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Nike Inc. (NKE) on Tuesday unveiled new National Football League uniforms developed under a five-year license deal, a line that will become available to consumers at the end of April and help bolster the athletic-goods maker's apparel offerings.
While Nike has had past deals with individual teams, this is the first time the company will become the exclusive supplier of NFL gear to all of the league's 32 teams. Changes to the latest slate of uniforms, which will be used beginning in the 2012 season, varies by team as Nike said some incorporated all of the company's suggestions while others selected minor updates.
Selling jerseys this spring and summer is critical to the early success of Nike's deal with the NFL and its players, in which it paid a reported $1.1 billion for the right to be the league's official provider for the next five years. Adidas AG's (ADS.XE, ADDYY) Reebok unit held the contract for the last decade.
Terms of the Nike-NFL deal haven't been disclosed, though Adidas has said the loss of the license agreement will result in an estimated $200 million to $250 million a year in lost revenue for Reebok. Adidas said the end of Reebok's NFL license will contribute to the unit's sales decline this year.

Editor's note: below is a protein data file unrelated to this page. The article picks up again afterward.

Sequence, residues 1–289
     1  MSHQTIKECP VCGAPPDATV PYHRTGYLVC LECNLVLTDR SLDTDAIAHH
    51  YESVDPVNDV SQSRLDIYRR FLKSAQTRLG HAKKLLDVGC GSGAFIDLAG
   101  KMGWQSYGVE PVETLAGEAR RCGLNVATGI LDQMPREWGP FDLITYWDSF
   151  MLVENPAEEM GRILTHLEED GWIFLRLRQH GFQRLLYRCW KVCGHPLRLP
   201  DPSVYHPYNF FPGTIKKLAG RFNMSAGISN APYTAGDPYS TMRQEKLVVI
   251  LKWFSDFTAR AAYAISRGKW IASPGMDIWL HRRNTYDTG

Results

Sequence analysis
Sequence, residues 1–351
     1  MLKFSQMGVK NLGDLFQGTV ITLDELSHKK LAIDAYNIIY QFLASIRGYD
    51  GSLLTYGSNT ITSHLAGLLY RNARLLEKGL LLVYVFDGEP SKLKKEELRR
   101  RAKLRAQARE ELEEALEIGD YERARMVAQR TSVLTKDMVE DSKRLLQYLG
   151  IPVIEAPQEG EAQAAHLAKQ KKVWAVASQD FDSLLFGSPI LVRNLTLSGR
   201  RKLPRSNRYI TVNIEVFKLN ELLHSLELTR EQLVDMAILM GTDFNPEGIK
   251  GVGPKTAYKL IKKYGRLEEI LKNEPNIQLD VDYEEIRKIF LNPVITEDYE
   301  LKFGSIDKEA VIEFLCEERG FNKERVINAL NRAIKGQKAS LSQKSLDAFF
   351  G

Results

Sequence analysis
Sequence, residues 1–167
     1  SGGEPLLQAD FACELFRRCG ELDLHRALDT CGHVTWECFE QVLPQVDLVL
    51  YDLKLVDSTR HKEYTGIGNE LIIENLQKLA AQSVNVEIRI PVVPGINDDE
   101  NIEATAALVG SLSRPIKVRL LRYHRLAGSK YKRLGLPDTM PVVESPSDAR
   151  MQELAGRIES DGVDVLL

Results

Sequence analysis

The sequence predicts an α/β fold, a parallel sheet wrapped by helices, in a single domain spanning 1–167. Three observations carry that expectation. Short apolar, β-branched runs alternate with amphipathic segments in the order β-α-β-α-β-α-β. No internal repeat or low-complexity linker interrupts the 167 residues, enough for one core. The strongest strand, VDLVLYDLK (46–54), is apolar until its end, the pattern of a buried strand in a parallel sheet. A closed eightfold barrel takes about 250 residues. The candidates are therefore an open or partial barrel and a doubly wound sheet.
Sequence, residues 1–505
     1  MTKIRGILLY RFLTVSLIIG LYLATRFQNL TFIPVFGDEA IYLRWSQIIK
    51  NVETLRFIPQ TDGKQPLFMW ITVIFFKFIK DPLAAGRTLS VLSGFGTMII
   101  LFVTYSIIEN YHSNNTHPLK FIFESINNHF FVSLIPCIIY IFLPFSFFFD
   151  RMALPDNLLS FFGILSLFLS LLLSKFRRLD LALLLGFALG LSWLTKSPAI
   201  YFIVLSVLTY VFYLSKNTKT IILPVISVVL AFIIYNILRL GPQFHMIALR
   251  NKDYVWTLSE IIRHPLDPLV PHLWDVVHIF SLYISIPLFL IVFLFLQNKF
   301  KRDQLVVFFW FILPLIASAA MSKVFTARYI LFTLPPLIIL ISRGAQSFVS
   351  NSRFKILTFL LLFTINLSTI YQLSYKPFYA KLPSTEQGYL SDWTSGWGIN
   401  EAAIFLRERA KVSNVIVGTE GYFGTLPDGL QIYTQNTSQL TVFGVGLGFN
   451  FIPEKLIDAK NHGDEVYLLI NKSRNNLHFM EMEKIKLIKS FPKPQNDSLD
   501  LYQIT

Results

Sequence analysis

For Nike, the deal will help bolster the company's apparel business, which has notched a strong performance in line with the company's footwear and equipment businesses. For the first nine months of the fiscal-year period ended Feb. 29, Nike's apparel sales have jumped 16% to $4.74 billion.
Nike, which initially signed the pact with the NFL in October 2010, created the uniform elements under the licensing agreement--including the jersey, the belts, pants, socks and gloves. Nike is unveiling the gear at an event in New York City on Tuesday.
Nike often inks apparel licensing or marketing and advertising deals with professional teams, individual athletes and college squads. The company will begin to allow consumers to buy the newest jerseys at the end of this month online and at various retail chains, including Nike's stores.
The transition between Reebok and Nike hasn't been entirely smooth. Nike last week sued the Adidas unit for allegedly selling unauthorized New York Jets T-shirts and other apparel featuring new team quarterback Tim Tebow's name. A federal judge ordered Reebok to temporarily stop manufacturing the Jets apparel featuring the name and number of Tebow and also barred Reebok from accepting additional orders for Tebow-related Jets items.
Analysts have been overwhelmingly sanguine about Nike due to excitement about growth opportunities in China and a strong presence in high-end athletic footwear. Nike has already unveiled several new products this year, including the Nike+ FuelBand and a slate of footwear and apparel gear ahead of the Summer Olympics and the European Football Championships, events that are also expected to boost excitement about Nike's latest products.
--By John Kell, Dow Jones Newswires; 212-416-2480; email@example.com
--Miguel Bustillo and Chad Bray of The Wall Street Journal contributed to this article